Rodger Pannone. Mr Nice Guy shows his mettle

No stranger to high-profile litigation, Rodger Pannone's most controversial client has been British nurse and convicted murderer Deborah Parry. Elizabeth Davidson talks to the lawyer the Parry family calls 'Uncle'. ONE phone call sticks in the mind of Jonathan Ashbee, brother-in-law of Deborah Parry, the British nurse jailed for murder in Saudi Arabia

It was at 2am, just before the so-called "blood money" was to be transferred to Frank Gilford, brother of murdered Australian nurse Yvonne Gilford, for whose death Parry and her colleague Lucille McLauchlan stood accused.

Ashbee remembers the call because he says it sums up the "amazing" power of Rodger Pannone, senior partner of Manchester firm Pannone & Partners, to simplify and reassure at a moment when Parry and McLauchlan's lives hung in the balance.

The plan to pay Gilford A$1.1m to exercise his right as brother of the deceased to waive the death penalty had gone wrong. The Lawyer can reveal that Gilford originally insisted on a confidentiality clause in the agreement.

Gilford then gave Parry and McLauchlan eight weeks to raise the money, to be transferred to a trust account.

But a problem arose when Gilford's secret was exposed to the world's media by Saudi Arabian lawyer Salah Al-Hejailan, the "chief" lawyer to Parry and McLauchlan.

When Al-Hejailan told the press about the deal, Gilford threatened to withdraw his waiver offer unless Parry and McLauchlan issued a press release by 7am British time refuting the comments. Hence the frantic early morning phone call to Pannone from Ashbee.

Ashbee recalls how Pannone's words five hours before the deadline exemplify his ability to see through confusion. Pannone asked him: "Do you want a sister in Saudi Arabia without a head or without a lawyer?" As Ashbee saw it, he was forced to tell a lie to protect the nurses. He faxed a press release refuting the Saudi lawyer's comments.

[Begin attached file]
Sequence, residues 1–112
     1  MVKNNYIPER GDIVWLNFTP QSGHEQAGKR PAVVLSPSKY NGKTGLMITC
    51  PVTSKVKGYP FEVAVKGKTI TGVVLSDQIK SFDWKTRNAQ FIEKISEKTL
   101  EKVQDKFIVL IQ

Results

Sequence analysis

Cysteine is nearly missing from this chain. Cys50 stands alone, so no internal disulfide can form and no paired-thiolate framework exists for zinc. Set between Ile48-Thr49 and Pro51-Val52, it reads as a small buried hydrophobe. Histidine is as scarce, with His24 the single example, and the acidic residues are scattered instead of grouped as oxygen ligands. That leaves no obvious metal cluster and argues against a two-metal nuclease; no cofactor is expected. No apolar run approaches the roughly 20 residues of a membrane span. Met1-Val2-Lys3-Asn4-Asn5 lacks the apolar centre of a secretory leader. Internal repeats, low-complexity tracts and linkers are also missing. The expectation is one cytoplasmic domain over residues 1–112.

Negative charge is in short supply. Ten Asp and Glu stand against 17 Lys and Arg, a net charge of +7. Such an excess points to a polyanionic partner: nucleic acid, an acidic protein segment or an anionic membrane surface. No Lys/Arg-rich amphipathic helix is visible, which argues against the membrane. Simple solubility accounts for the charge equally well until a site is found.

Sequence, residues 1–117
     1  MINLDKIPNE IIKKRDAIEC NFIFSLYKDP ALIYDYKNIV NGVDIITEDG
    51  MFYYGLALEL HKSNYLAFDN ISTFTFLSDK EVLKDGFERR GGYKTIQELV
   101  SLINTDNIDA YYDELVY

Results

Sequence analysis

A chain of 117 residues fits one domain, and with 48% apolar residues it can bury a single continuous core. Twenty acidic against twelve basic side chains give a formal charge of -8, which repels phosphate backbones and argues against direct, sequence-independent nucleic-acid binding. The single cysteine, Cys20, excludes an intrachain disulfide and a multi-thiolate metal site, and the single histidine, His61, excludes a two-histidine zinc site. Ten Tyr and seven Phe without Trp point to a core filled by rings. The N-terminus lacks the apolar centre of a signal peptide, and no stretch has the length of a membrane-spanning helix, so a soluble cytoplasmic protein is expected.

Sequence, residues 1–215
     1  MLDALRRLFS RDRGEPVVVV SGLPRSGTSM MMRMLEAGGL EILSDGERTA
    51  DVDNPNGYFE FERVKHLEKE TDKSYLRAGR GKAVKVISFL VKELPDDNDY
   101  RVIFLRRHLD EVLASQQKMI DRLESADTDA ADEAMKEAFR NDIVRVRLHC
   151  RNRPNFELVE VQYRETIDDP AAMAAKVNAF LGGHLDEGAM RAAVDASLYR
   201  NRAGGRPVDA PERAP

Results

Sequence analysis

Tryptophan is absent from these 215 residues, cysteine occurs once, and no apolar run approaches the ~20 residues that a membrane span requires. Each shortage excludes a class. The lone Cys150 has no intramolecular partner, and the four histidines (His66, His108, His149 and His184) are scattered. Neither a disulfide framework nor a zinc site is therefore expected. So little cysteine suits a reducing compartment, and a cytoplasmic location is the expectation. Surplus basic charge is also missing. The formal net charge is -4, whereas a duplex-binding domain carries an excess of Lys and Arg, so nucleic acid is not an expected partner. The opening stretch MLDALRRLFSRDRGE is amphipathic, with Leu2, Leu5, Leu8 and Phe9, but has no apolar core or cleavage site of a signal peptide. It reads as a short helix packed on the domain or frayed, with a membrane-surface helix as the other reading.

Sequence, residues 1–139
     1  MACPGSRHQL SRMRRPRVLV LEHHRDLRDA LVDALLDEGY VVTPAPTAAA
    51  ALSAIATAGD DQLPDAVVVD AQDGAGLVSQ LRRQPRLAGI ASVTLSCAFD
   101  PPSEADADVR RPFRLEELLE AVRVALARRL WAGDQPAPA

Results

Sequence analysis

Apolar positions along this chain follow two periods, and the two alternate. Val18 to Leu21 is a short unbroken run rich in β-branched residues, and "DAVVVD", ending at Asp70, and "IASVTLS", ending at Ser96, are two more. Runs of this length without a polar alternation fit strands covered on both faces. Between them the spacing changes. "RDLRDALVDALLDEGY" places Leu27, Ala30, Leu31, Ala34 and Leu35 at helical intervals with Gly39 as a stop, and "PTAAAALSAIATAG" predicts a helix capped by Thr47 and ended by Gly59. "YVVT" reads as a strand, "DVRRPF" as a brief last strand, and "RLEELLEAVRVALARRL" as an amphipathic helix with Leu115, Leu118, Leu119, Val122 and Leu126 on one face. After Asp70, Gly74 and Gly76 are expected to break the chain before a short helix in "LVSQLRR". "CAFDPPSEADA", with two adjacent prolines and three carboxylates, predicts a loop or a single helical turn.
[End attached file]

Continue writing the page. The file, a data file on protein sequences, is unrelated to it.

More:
Pannone got involved in the case through Glasgow solicitor Peter Watson who was representing McLauchlan.

The two lawyers and close friends had already worked together on controversial cases such as the Pan-Am Lockerbie air tragedy and the Piper Alpha oil rig disaster.

A leading personal injury lawyer Pannone was suddenly thrust into dealing with a strange legal system and countless officials.

Not only did every twist to the case have diplomatic ramifications, but the media was constantly snapping at his heels. But far from being critical of the Foreign Office and the media, Pannone insists they behaved "impeccably".

Yet Pannone and his team were working on a knife edge.

Parry and McLauchlan's Australian lawyer Michael Burnett, of Minter Ellison in Adelaide, described the tension. "We had to be very cautious with everything we did because we could not have been playing for higher stakes than the lives of the women."

Tensions also rose on the day the money reached Gilford, when Al-Hejailan faxed Burnett at the eleventh hour instructing him not to transfer the money to Gilford, although the nurses' lawyers refuse to spell out why. Al-Hejailan claimed Burnett had authorisation to act on his instructions only. In fact, the relationship between the two was very different. Al-Hejailan was Parry and McLauchlan's lawyer in Saudi Arabia, but both Burnett and Pannone acted for Parry, and in Burnett's case McLauchlan, outside Saudi jurisdiction.